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The basin model discussed in this paper describes the physical and chemical phenomena that control the formation of commercial accumulations of hydrocarbons in the moving framework of a subsiding sedimentary basin: heat transfer, compaction and water flow, hydrocarbon generation, and two-phase migration of fluids.
The model reproduces the influence of conductivity variations and of transient heat transfer on paleotemperatures. Quantitative verification of the paleotemperature reconstruction and of the kinetic model of hydrocarbon generation may be obtained from present temperatures and geochemical data. Compaction-driven flows and overpressures are described by coupling a compaction law with Darcy's law for water flow and a criterion for natural hydraulic fracturing. This formulation allows modeling of overpressures in young deltaic sequences (e.g., the Mahakam delta, Indonesia) as well as in old rift basins (e.g., the North Sea). An adapted two-phase Darcy's law reproduces primary and secondary migration. In particular, the model helps investigate the role of overpressures and fault behavior o hydrocarbon migration and entrapment.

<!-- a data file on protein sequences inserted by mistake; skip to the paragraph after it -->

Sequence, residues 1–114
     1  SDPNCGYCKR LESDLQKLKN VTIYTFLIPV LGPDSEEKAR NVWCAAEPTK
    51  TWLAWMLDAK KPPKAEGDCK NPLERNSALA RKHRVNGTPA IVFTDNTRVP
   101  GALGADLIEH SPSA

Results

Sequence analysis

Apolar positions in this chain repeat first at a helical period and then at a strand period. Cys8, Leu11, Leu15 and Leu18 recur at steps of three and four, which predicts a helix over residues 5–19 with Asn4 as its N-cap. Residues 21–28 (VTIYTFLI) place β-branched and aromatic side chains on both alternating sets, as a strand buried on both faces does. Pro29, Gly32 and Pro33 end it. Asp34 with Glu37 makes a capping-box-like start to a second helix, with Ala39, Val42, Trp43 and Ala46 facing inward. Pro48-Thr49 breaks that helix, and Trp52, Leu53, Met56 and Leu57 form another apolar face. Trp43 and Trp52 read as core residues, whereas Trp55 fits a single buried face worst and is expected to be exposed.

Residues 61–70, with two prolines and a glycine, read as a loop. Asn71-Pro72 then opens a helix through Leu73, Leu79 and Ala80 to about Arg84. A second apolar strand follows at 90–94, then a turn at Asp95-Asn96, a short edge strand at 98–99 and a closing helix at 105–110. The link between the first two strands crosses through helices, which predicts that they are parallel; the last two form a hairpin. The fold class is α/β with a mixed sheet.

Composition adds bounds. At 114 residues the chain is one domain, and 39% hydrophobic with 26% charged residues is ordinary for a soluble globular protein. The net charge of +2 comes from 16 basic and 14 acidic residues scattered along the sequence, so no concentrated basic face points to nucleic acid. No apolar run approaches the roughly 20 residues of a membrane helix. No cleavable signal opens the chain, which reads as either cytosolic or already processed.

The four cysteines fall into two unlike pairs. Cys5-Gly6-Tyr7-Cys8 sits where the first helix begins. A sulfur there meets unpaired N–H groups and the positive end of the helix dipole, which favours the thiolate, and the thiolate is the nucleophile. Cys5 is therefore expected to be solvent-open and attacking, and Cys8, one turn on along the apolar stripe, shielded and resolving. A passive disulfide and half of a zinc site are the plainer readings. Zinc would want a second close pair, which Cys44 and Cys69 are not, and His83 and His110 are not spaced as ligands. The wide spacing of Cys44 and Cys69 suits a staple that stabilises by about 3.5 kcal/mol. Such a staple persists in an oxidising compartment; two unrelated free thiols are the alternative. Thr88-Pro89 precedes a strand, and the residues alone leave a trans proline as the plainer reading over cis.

Our results confirm that basin models contribute to the synthesis of geological, geophysical, and geochemical data consistently. By defining parameters for petroleum evaluations, these models increase exploration efficiency.
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